It's time for some grown-up politicking

March 30, 2004|By MICHAEL OLESKER

MICHAEL E. BUSCH hears the bitter language outside his State House office and says he can live with it. The language says Maryland's House speaker is tearing apart his Democratic Party. It says voters are fuming over the $670 million tax increase he is trying to force upon them and will take retribution at the ballot box. Busch shrugs his shoulders. It is time, he says, for politicians to behave like grown-ups.

This is sometimes a foreign concept. Pandering is easier. The governor of Maryland, Robert L. Ehrlich Jr., does this by loudly promising no new taxes and imagining nobody can figure out the shell game he is playing. And maybe he has a point.

In Ehrlich World, a fee is not the same thing as a tax. In Busch's world, the money still comes out of people's pockets. In Ehrlich World, no one is supposed to notice the financial pressures he creates for local governments across the state. By Busch's arithmetic, all government funding kissed off by the state will have to be absorbed by local jurisdictions.

"I see O'Malley down here complaining, and I see Duncan," Busch was saying now, meaning Mayor Martin O'Malley and Montgomery County Executive Douglas M. Duncan. "But we're talking about $300 million in cuts to local government. The responsibility falls to these county executives. Do the voters understand what's going on? Probably not. A lot of them haven't focused yet. But the politicians, where are they? Why aren't they down here telling the governor what his budget will do to their counties?"

Jim Smith can answer him. The Baltimore County executive, who is facing about $21 million in diminished state aid, said yesterday, "I've tried to talk directly to the governor. I've called his office and offered help. I'm told he will meet with me."

When?

"Some time after the session," Smith said.

After the session? When the budget's finished?

"Yeah," Smith laughed ruefully. "I mean, that makes no sense at all. In my mind, anyway. I don't know how this works in his mind. I do know that he wants to solve everything with the slot-machine money, and slots money wouldn't even kick in for a few years. So he's got to have more plans than that. But I don't know what those plans are."

And so here is Busch, sitting in his office just off the House floor, slumped in a chair with his jacket off. He knows the precariousness of his position. Nobody wants higher taxes. As the front-man for a tax increase, he is the target of anger. He says his office takes maybe 15 calls a day from voters. Most, he says, voice support for him.

"But people call who are your friends," he says. "I'm not sure the calls here reflect the general public."

He also hears the language of colleagues on both sides of the political aisle. The Republicans proclaim this a bright new political day because voters will express their revulsion over any tax increase. House Democrats voted for the increase - but not in sufficient numbers to overcome a promised gubernatorial veto.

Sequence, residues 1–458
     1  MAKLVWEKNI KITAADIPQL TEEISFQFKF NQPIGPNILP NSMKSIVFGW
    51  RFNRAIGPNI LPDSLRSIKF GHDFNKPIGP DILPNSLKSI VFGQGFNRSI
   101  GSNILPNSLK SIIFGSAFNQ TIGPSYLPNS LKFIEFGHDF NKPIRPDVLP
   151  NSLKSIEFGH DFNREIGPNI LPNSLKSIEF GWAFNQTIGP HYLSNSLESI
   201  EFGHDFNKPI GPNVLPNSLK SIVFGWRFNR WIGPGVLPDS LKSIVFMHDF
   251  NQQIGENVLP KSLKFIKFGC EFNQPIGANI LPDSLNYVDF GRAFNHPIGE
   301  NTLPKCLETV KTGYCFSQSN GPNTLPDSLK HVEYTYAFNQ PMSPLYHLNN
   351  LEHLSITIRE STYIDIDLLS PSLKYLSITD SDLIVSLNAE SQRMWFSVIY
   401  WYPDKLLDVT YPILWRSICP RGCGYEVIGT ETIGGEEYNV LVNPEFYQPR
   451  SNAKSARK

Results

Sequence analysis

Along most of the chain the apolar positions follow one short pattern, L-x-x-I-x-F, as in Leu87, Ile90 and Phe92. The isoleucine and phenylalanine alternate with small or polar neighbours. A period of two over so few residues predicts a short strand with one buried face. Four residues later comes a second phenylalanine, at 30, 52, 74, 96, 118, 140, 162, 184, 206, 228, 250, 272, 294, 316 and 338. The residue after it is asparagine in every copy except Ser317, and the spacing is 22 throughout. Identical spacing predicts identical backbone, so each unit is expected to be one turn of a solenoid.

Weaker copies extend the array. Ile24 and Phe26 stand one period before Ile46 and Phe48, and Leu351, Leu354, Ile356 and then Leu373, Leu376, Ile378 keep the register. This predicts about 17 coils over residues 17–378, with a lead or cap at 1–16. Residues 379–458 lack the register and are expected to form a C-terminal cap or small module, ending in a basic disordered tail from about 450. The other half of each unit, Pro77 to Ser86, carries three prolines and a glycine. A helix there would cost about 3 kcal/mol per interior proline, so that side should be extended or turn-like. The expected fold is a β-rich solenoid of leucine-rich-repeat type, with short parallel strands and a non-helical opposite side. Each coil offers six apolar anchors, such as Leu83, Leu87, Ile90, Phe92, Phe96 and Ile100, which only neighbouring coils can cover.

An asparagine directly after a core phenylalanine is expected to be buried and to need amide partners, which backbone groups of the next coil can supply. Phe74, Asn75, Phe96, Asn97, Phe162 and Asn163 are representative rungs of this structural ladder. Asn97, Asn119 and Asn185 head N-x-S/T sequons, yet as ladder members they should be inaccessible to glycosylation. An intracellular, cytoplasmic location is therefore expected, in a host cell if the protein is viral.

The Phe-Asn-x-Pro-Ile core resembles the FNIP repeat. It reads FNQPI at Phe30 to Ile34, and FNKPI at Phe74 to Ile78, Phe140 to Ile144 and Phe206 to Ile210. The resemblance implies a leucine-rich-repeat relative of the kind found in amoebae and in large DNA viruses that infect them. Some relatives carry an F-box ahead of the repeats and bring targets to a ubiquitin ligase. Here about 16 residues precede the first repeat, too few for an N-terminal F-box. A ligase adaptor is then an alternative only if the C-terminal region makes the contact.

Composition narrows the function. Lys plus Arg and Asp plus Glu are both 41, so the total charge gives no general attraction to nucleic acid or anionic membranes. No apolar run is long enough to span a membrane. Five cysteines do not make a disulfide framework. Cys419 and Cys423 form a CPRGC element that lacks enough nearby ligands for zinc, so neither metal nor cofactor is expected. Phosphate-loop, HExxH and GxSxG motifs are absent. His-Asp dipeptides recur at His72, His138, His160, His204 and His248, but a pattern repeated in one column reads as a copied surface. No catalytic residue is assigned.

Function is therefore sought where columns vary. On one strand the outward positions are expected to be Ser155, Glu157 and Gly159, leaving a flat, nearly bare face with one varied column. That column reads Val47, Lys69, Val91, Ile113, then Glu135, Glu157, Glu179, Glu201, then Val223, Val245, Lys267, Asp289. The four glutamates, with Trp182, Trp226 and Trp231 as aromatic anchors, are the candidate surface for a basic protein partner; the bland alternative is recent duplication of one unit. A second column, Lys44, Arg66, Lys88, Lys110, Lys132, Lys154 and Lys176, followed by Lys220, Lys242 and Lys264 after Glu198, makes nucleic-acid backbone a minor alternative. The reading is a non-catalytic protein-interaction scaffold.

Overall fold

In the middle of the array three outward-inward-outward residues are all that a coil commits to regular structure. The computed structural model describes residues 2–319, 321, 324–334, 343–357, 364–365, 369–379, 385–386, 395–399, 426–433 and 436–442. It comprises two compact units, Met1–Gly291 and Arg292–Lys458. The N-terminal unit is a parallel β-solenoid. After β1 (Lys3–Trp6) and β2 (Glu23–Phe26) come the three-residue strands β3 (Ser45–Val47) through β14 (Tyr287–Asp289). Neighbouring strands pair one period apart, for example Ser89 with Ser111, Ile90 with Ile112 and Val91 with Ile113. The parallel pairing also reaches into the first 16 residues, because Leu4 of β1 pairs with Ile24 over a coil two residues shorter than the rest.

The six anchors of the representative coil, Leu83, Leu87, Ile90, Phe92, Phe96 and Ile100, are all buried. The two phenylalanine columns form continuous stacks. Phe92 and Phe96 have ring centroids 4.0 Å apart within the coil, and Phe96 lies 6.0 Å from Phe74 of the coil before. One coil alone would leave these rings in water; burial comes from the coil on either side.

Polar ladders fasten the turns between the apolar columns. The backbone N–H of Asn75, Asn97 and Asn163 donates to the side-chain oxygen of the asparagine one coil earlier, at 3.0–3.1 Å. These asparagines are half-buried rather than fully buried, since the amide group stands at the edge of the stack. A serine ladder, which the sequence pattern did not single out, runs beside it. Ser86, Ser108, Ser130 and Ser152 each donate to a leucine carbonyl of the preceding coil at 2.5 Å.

And, across the State House hallway, there is State Senate President Thomas V. Mike Miller, calling the tax vote "an exercise in futility" and backing Ehrlich's alternative - a vote for slot machines.

"Miller," says Busch, shaking his head slowly. "He's propping Ehrlich up. Miller's like a boxing manager, saying, `Come on, kid, you can do it. I know you're getting bloodied, but get out there and fight another round.' But it's all slots. Meanwhile, Ehrlich hasn't articulated, in any way, shape or form, how he's going to take care of next year's shortfall. Does he have a secret the rest of us don't know? Because none of us wants to go home saying we didn't do it right."

As Busch figures it - and nobody from Ehrlich's camp has challenged the number - the $670 million tax package (which includes money for the Thornton education plan, cuts property taxes, and hits the wealthiest earners the hardest) would cost the average Maryland family $20 a year.

It includes a 1-cent sales tax increase. "The last time I looked," Busch said, "Maryland was 45th or 47th in the country in sales tax. The surrounding states are all higher. We don't tax food or medicine. The last time we raised the sales tax was 1977.

"Listen, I didn't put this [tax plan] together to drive the Democratic Party off a bridge. My home county [Anne Arundel] is pretty conservative. But, I'll tell you, I gave a speech in Arnold, and I told them, `I'm gonna vote for taxes over slots,' and they loved it.

"This was two weeks ago. I said, `This is the first time I've ever been applauded for taxes.' These were people living in $300,000 homes, who tend to vote Republican. They get it. You want quality education, you want to take care of your police and firemen, you have to pay for it somewhere along the line."

No matter how much this governor wants us to believe otherwise.

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